I began teaching teachers about media literacy back in the 1980s, when VHS tapes were the latest technology–it was the age of dinosaurs, it now seems. I would bring in a handful of tapes which I had cued up, including excerpts from TV news, advertising, movies and popular television programming. I demonstrated a variety of instructional techniques that K-12 teachers could use to integrate critical analysis of mass media and popular culture into classes in English language arts, social studies, and health education. Today, because media literacy is mandated in nearly all state curriculum frameworks, often as part of 21st century skills education, I cross the country offering teacher workshops in states from Oregon to North Carolina. I now use my digital video recorder to record television programs and store clips on my computer’s laptop.
But with every group of teachers I work with, there’s a question that always comes up with an increasing spirit of trepidation: “Is it legal to use copyrighted material like this?”
“Of course,” I say. Like many media literacy educators, I use copyrighted materials under the doctrine of fair use (Section 107 of the Copyright Law of 1976). Users have the right to use copyrighted materials without payment or permission, depending on the specific context and situation of the use.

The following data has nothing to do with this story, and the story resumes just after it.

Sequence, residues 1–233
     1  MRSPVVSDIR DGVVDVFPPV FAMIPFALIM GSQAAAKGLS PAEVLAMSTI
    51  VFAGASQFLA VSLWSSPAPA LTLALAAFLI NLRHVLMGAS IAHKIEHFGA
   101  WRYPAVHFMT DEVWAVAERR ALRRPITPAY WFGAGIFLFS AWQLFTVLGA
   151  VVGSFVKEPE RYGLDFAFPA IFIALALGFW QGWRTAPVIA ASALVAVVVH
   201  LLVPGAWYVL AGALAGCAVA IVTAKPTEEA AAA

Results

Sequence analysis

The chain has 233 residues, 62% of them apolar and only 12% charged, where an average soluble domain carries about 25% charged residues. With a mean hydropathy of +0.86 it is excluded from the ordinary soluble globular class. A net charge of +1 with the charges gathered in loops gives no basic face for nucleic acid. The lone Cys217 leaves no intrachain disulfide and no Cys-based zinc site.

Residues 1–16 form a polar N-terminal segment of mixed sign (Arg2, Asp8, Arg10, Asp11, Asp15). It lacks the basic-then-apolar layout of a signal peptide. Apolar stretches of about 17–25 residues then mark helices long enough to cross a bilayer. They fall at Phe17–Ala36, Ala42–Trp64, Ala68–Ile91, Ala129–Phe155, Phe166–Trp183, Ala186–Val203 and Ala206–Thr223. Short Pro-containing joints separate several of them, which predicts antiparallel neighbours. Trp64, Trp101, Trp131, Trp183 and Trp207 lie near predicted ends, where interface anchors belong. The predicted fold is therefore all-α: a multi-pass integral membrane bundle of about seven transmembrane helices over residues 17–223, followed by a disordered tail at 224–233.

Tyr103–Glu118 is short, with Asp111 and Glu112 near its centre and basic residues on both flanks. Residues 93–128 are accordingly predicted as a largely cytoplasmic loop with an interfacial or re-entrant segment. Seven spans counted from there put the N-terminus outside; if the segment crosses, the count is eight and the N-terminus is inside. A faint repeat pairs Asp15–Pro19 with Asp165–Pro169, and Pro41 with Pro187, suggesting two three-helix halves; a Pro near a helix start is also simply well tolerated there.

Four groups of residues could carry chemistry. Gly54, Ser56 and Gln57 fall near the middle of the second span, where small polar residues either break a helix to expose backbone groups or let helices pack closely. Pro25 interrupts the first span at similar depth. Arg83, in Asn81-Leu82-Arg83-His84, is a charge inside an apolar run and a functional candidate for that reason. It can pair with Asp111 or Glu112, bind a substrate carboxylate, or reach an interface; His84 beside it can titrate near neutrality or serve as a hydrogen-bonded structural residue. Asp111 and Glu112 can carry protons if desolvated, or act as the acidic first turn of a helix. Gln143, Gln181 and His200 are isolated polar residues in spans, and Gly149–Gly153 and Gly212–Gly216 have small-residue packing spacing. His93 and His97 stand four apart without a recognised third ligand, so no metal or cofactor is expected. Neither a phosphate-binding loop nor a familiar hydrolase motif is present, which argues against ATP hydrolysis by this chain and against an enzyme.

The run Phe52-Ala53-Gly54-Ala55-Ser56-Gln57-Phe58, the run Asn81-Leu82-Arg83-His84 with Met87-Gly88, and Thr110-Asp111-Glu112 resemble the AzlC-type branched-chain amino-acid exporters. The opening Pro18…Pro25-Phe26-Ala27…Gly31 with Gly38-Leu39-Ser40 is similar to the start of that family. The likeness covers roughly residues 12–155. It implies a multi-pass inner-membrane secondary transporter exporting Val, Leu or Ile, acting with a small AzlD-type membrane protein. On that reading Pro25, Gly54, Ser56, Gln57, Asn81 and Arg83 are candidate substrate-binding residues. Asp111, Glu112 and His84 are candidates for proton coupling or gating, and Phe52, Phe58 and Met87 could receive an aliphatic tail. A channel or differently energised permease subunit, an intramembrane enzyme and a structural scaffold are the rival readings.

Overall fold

It is ironic that, at a time when online digital technologies are enabling educators to create and share an ever-widening array of texts, sounds, still and moving images, music and graphic art, we are seeing a dramatic increase in the climate of fear among educators concerning the use of these resources for teaching and learning. And since fear reduces innovation, those of us who promote the use of digital media as tools for teaching and learning need to sit up and take notice.
In our 2007 report, The Cost of Copyright Confusion for Media Literacy, we found that media literacy educators share certain values about the use of copyrighted material, including news, advertising, movies, music, videogames, and other aspects of mass media, digital media and popular culture. While they respect the rights of owners of intellectual property, they also believe that it is necessary to use copyrighted works freely for the purpose of strengthening students’ critical thinking and communication skills.